PARIS - U.S. Trade Representative Robert B. Zoellick announced
today that the United States will contribute approximately $1 million dollars for
trade-related technical assistance (TRTA) to the World Trade Organization. This latest
contribution will bring total U.S. TRTA for the Doha Development Agenda to almost $4
million since the launch of negotiations in November 2001.
"As we are working to move the Doha negotiations forward, we
recognize the importance of providing assistance to the developing countries to help them
participate in the negotiations, implement the obligations they undertake and benefit
from the results," said Zoellick. "This money can be used, among other things, to help
developing countries in enhancing their capacity to assess their interests and participate
in the market access related aspects of the DDA negotiations, including with respect to
the preparation of service requests and offers. We would also hope that this money
can be used to further strengthen the capacity of developing countries to participate in
the WTO's work on Trade Facilitation."
"Trade can be a powerful tool for developing countries in building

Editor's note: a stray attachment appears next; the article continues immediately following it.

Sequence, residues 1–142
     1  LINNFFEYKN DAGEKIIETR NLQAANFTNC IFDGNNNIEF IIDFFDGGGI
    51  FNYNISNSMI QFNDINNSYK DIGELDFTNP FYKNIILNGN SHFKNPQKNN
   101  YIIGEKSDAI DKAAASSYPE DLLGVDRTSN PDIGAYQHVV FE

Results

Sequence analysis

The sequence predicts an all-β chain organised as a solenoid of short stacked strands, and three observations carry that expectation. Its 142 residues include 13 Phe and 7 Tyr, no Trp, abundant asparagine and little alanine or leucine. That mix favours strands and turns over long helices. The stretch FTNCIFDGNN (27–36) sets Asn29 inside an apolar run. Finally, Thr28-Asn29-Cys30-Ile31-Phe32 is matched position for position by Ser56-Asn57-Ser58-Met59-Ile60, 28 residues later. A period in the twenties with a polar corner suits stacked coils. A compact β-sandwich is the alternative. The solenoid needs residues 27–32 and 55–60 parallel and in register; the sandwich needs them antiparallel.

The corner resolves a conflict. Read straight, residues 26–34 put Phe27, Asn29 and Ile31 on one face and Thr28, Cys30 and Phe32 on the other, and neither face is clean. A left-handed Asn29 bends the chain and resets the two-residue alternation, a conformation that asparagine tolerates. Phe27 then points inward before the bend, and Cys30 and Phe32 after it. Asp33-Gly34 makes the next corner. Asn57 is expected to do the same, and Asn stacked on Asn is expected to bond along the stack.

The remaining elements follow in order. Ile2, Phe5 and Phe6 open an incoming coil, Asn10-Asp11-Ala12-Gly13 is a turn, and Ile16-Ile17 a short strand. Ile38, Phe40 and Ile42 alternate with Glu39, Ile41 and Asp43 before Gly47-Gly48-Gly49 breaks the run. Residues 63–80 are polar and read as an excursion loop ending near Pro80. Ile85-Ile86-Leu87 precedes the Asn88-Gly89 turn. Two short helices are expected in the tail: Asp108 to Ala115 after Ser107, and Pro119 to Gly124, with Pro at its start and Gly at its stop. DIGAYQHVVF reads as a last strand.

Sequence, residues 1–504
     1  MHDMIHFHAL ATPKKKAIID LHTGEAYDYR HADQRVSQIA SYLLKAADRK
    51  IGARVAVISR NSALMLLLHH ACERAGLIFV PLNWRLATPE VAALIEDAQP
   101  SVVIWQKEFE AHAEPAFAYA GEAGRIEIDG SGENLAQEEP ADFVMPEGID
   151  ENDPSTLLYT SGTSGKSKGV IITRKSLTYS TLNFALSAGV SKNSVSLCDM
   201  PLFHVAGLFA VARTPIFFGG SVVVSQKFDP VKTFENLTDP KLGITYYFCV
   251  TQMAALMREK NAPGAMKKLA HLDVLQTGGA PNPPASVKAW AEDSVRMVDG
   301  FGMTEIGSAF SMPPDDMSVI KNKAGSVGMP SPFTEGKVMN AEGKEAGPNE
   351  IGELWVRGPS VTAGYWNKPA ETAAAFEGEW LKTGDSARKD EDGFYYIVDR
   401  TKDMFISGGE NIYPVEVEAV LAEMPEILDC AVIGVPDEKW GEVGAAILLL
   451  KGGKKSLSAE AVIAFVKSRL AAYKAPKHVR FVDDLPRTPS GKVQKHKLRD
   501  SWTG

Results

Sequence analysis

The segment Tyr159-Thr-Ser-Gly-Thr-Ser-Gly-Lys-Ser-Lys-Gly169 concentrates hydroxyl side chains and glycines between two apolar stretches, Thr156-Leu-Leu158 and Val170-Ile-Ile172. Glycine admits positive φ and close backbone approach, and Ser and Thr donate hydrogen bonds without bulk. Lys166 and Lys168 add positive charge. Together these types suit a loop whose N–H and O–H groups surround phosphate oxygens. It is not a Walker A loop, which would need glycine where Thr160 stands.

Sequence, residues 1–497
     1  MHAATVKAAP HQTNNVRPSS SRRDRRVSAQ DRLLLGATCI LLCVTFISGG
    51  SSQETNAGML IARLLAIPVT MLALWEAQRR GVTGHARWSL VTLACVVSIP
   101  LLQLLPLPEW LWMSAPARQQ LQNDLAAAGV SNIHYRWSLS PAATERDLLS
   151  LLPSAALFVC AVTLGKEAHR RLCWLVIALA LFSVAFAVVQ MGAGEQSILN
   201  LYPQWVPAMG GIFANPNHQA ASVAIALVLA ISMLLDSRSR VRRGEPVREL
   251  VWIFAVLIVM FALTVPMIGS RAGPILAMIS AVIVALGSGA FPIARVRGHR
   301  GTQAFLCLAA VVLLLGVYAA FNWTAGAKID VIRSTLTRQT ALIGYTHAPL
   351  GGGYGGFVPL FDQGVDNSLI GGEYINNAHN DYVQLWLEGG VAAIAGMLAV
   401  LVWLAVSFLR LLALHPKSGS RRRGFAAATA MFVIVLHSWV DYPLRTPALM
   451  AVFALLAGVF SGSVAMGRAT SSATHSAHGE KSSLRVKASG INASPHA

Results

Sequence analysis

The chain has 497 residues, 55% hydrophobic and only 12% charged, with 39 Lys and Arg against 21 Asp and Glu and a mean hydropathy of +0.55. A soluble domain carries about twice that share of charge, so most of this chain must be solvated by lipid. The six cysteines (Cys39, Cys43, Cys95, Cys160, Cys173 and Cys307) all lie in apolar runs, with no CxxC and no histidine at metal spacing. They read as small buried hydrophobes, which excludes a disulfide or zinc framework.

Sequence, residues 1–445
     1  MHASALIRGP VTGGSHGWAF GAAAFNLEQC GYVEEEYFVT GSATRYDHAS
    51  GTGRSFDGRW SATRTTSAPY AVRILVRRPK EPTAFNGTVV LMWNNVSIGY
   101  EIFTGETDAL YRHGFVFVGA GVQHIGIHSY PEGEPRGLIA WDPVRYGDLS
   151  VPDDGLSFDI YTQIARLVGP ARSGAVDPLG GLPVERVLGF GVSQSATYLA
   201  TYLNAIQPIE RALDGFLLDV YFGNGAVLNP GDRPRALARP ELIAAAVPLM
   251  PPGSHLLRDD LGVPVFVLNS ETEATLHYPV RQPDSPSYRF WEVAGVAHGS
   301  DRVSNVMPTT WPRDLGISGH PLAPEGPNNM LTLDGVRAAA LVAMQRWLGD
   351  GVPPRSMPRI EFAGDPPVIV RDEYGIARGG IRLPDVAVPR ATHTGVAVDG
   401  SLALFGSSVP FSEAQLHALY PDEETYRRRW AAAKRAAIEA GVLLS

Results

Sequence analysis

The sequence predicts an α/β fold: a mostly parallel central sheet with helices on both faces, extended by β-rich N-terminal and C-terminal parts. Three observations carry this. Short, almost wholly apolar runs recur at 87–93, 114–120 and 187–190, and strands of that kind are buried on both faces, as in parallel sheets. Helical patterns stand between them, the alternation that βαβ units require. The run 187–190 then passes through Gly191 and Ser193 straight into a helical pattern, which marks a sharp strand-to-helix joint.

their economies and improving the lives of their citizens. Helping countries trade
more, helps Americans gain expanded access to overseas markets," Zoellick added. Trade
capacity building is an important means to help developing countries make the most of the
opportunity provided by the Doha negotiations.
One area of particular potential for developing countries is
services. According to the World Bank, the services industry represented 54% of the GDP in
low and middle income countries in 2000, up from 46% in 1990.
Today's announcement of $ 994,100 to the WTO is just one part of
much broader U.S. assistance efforts. The United States is the largest single
country donor of trade capacity. Total U.S. funding for trade capacity building activities was $761
million in FY 2003, up from $369 million in 1999.